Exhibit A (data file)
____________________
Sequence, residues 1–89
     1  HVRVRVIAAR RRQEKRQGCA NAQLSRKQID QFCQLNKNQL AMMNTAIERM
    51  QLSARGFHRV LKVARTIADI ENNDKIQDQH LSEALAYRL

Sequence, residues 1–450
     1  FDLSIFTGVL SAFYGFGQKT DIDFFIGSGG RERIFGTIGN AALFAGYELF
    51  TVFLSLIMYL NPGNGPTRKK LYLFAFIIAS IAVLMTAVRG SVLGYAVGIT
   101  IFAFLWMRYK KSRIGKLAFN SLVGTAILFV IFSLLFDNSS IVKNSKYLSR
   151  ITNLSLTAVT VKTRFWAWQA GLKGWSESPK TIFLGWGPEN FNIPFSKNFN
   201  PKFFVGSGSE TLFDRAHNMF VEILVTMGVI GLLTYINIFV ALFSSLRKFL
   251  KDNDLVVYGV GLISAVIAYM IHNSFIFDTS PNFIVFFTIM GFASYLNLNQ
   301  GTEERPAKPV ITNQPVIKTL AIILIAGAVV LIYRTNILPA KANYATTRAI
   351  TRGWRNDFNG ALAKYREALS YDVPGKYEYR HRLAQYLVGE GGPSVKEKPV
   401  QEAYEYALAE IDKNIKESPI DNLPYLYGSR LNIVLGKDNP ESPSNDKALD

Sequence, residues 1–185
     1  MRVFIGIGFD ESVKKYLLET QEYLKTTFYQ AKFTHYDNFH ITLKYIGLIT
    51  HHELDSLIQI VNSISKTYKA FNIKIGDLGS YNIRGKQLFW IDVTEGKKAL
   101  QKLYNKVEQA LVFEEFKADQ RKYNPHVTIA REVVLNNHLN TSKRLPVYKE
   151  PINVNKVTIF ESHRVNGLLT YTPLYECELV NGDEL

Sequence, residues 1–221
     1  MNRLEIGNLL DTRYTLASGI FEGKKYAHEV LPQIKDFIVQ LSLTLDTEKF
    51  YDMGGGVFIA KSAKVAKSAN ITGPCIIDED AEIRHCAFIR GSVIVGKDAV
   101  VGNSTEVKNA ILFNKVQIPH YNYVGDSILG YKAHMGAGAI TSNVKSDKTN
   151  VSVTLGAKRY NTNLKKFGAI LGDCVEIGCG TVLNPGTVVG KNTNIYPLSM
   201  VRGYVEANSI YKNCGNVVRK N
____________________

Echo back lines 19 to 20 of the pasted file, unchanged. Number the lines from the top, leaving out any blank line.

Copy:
Sequence, residues 1–221
     1  MNRLEIGNLL DTRYTLASGI FEGKKYAHEV LPQIKDFIVQ LSLTLDTEKF